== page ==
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5 Recovery Program Options... Even if You Have Lots of Sobriety.

After long term sobriety, I've discovered an important piece is being open to alternate recovery options for yourself and others. For years I was convinced there was one program. I knew it was better than the rest. I had a closed mind until I needed something more than I was getting.

There are many old timers out there who struggle but are afraid to talk about it. Some relapse, some commit suicide and others quietly suffer never daring to reach past the same familiar rut they have been in for years.

To this day many believe you have to get recovery a very certain way or it won't last. I'm not sure if I myself was trained to believe that as well, but somewhere along the way I decided to pull my head out of the sand and take a look around.

Whether you have been around recovery for a long time, or if you are brand new, I think it's important to keep an open mind and see what else is on the horizon. Never allow anyone to tell you they have the only way. There are as many paths as there are people in the world.

Today's blog is about offering several different solutions.

Below are a few links and options. Be aware you can reach out for help anytime!

*Note: If you would like your organization listed, please email me the link and I will add it to this very blog.


Recovery 2.0 is a global movement that embraces an holistic approach to recovery from addiction of all kinds. The community honors all effective paths to recovery and emphasizes the importance of mind-body practices such as yoga and meditation, athletics, nutrition and community as part of an effective path to recovery and joy in life.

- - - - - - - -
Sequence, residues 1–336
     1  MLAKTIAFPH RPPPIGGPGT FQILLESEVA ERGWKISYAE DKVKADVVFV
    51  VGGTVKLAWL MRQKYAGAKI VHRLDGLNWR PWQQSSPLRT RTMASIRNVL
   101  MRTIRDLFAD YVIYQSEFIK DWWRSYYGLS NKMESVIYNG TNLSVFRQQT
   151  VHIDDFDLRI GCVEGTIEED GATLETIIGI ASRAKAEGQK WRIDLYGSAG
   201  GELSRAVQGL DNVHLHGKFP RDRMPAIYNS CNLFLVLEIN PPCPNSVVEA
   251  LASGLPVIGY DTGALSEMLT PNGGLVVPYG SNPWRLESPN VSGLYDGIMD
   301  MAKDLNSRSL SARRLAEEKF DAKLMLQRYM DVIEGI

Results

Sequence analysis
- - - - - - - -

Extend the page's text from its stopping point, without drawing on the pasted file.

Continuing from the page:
This recovery program is based on God’s Word, the Bible. When Jesus taught the Sermon on the Mount, he began by stating “Eight Ways to Be Happy.” Today we call them the Beatitudes. From a conventional viewpoint, most of these statements didn’t make sense. They sounded like contradictions. But when you fully understand what Jesus is saying, you’ll realize that these eight principles are God’s road to recovery, wholeness, growth, and spiritual maturity.

• Teaches self-empowerment and self-reliance.

• Provides meetings that are educational, supportive and include open discussions.

• Encourages individuals to recover from addiction and alcohol abuse and live satisfying lives.

• Teaches techniques for self-directed change.

• Supports the scientifically informed use of psychological treatments and legally prescribed psychiatric and addiction medication.

• Works on substance abuse, alcohol abuse, addiction and drug abuse as complex maladaptive behaviors with possible physiological factors.

• Evolves as scientific knowledge in addiction recovery evolves.

• Differs from Alcoholics Anonymous, Narcotics Anonymous and other 12-step programs.

What Is A.A.?

Alcoholics Anonymous is an international fellowship of men and women who have had a drinking problem. It is nonprofessional, self-supporting, multiracial, apolitical, and available almost everywhere. There are no age or education requirements. Membership is open to anyone who wants to do something about his or her drinking problem.

Stands for:





The Grid is a simple tool based on the 12 Steps that can help with almost all sectors of the population. The problems are complicated, however when we focus on a common solution the path can become simple. When the steps are aligned you can gain results in your first session. As you continue, the approach can become a way of life that allows you to live in a solution that works.

True North

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